Nigerian prince, 63, turned-Thames Water engineer sets up charity

Nigerian prince, 63, who has fixed leaks for Thames Water for 20 years sets up charity to provide boreholes and clean drinking taps for community back home

  • Akeem Adenuga’s brother is The Paramount Ruler of Odo-Ayandelu in Nigeria 
  • Mr Adenuga – who lives in Tottenham – came to UK in 1994 to study and stayed 
  • Climbed ranks and now leads team of engineers who fix hidden leaks in London
  • Hopes to combine professional expertise with royal influence and start charity
  • Charity Merry-Gold Water aims to raise initial £20,000 to provide clean water

A Nigerian prince who has fixed leaks for Thames Water for 20 years has launched his own charity to provide clean water for his community back home. 

Akeem Adenuga, 62, comes from Lagos, Nigeria, where his brother – King Asunmo Aderibigbe – is The Paramount Ruler of Odo-Ayandelu.

The prince – who now lives in Tottenham, north London – took a break from royal duties in 1994 to study in the UK.

He took up a job as a trainee leakage technician at Thames Water in 2000, and he has worked there ever since.

Mr Adenuga climbed the ranks and now leads a team of 24 engineers who find and fix hidden subterranean leaks across the capital. 

He hopes to combine his professional expertise with his royal influence and give something back to the community he left behind with his new charity Merry-Gold Water.

Nigerian prince Akeem Adenuga, 62 – who has fixed leaks for Thames Water for 20 years – has launched his own charity to provide clean water for his community back home

The charity aims to raise an initial £20,000 to provide clean drinking water in rural and vulnerable communities in Lagos. 

He wants to create boreholes with taps that everyone in the community can access. 

Mr Adenuga said: ‘I am a very private person and a lot of my friends don’t know my heritage.

‘People I have known for a long time only found out recently and said “wow, you are royal, you kept that quiet”.

‘But I am just myself and, I may be a prince, but I just live a normal life. 

‘Whenever I go back home I have a big reaction of course.

‘There are a lot of people in the house and everyone comes round. We have a good time together.

‘But this charity that I have launched will be a big surprise to them. I have not even told my brother, who is the king, what we are planning.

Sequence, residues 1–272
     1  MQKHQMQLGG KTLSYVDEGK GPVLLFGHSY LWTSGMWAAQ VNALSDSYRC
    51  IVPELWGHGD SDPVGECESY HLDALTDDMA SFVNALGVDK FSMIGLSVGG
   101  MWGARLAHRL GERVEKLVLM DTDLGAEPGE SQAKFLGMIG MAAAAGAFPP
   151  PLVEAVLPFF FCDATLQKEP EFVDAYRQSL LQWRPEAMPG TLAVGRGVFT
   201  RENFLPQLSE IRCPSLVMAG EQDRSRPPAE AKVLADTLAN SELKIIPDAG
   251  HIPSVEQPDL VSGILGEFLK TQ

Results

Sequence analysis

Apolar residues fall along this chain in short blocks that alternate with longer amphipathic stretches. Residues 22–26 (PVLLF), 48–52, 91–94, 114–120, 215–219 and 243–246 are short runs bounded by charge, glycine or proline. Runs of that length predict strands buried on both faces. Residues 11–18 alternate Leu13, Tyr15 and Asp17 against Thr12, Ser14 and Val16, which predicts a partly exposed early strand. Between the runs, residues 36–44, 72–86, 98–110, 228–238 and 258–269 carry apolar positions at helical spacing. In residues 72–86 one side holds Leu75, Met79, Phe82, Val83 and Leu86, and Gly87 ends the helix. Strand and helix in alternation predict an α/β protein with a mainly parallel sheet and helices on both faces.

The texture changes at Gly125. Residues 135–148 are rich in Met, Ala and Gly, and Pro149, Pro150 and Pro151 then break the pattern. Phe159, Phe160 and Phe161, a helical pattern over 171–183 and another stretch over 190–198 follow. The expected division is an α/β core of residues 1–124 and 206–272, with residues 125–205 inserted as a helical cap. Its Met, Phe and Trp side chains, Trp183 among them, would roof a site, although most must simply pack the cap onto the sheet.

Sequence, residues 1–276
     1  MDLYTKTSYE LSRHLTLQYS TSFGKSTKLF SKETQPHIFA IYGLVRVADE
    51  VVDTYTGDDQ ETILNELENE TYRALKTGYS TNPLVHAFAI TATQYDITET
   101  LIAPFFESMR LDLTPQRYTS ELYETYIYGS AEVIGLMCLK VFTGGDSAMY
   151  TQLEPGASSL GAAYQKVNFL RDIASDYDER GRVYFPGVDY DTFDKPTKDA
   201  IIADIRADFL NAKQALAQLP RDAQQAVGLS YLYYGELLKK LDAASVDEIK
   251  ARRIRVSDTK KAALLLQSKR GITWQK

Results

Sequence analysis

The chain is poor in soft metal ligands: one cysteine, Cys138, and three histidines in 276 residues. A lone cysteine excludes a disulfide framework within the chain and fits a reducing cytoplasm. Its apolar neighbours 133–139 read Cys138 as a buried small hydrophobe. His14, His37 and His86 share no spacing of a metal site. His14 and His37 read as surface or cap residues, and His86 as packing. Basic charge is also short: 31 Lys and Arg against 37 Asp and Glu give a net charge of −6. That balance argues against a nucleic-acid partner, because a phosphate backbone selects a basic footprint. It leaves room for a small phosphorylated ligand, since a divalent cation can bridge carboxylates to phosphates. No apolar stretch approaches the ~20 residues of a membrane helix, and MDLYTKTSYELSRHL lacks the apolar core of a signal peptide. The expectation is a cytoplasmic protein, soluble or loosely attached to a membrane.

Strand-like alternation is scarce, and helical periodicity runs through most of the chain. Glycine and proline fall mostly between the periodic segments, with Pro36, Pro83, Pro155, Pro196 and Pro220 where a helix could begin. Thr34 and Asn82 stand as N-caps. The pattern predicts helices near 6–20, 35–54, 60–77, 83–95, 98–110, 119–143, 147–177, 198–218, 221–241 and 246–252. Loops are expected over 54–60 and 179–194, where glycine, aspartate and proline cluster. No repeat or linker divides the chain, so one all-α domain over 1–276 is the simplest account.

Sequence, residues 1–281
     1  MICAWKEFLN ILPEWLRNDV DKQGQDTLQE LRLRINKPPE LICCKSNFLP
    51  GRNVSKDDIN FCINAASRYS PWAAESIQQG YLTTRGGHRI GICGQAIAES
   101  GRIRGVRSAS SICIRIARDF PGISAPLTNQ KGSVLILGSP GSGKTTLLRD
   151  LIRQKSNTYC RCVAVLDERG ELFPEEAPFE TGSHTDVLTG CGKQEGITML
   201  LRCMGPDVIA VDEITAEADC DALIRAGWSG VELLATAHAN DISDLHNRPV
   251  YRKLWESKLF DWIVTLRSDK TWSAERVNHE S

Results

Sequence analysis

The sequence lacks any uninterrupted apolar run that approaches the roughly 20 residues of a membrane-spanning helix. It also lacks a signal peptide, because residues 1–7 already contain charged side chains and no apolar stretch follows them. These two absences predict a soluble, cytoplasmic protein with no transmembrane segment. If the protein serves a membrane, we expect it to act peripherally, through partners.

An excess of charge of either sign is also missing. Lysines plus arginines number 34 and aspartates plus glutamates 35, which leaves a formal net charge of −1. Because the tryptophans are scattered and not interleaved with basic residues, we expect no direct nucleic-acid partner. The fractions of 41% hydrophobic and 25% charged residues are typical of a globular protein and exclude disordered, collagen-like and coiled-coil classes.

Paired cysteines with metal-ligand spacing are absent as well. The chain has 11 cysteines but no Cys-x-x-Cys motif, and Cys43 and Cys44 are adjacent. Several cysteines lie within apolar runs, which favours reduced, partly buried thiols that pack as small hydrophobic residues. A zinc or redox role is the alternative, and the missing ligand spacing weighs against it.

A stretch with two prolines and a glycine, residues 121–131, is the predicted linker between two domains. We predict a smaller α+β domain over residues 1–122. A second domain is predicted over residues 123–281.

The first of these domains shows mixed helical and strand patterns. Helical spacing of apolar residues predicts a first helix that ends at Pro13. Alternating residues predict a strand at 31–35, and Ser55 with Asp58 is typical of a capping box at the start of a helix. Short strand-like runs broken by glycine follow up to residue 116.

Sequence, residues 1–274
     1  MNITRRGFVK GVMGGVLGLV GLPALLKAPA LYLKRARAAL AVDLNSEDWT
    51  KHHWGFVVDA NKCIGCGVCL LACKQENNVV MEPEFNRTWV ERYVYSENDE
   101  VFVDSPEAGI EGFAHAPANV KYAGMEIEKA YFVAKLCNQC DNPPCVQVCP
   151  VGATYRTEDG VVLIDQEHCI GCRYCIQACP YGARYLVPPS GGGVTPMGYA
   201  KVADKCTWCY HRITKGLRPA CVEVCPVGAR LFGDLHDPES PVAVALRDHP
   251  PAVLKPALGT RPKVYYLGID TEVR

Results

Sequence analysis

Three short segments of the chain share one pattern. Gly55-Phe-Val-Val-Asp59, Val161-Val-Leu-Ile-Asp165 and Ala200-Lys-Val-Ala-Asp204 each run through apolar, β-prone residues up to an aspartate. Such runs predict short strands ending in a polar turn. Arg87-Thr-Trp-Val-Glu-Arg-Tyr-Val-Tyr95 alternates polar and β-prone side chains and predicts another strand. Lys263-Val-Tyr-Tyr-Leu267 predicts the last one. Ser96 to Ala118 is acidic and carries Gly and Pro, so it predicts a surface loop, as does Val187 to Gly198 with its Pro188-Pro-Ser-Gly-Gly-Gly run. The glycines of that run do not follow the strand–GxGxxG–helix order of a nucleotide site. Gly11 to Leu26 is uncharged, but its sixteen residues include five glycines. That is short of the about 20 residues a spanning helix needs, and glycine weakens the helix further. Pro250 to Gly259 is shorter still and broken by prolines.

Mr Adenuga, 62, (right) comes from the state of Lagos, Nigeria, where his brother – King Asunmo Aderibigbe (left) – is The Paramount Ruler of Odo-Ayandelu. Centre: King Asunmo’s wife Olori Abimbola

‘I am very proud of that heritage, but in England I am just a leakage engineer and I love what I do.

‘But you cannot forget your roots and I want to give something back.’ 

Mr Adenuga is starting in his hometown of Agbowa-Ikosi – a two-hour drive from the city of Lagos – but wants to roll the scheme out across the wider region.

He added: ‘The aim and objective of the charity is to bring clean drinking water to the rural and local communities of Lagos state in Nigeria.

‘They have been deprived of clean water for too long. I have worked in the water industry for a long time and want to try and make a difference to the area that I came from.

‘It has been a long time coming but I have to create time as it is something I am very passionate about.

King Asunmo Aderibigbe is The Paramount Ruler of Odo-Ayandelu (pictured) in Nigeria

‘Every time I go back home I can see the struggle people go through for clean drinking water and this is what I can do to help out.’

Mr Adenuga invited people from Nigeria, friends from America and Ireland, and some from Thames Water for his virtual charity launch on Saturday.

He added: ‘I want to achieve a modern borehole for them and need around £20,000 to start. 

‘I need a pumping machine, generator and all that to put in to make sure we have everything we need on the ground to achieve clean water for the whole community.

Mr Adenuga (pictured) climbed the ranks and now leads a team of 24 engineers who find and fix hidden subterranean leaks across the capital

‘The first phrase of the project is to protect my village and then I want to roll it out to further areas.’

Mr Adenuga, who is married and has five children, added: ‘Water is something I have always been passionate about.

‘I believe water is life and I am fascinated with the way the whole thing works. We don’t have the same technology back home that we have here.

‘I am lucky that I am in a position to make a difference. The reaction so far has been really positive and I am overwhelmed. My colleagues have been so helpful.

‘The situation in Nigeria is not as bad as it used to be. It is just that people have a borehole in individual houses if they have money.

‘For the people who cannot afford it, they struggle for water and go around looking every day.

‘We want a community refreshing point with a pumping station and a borehole inside the building, with taps outside, that everyone can access.

‘There is obviously room for a lot of improvement, but I have learned a lot since I came over here and these are useful tools for me to go back home and help my people.’

To donate to Mr Adenuga’s appeal, click here. 

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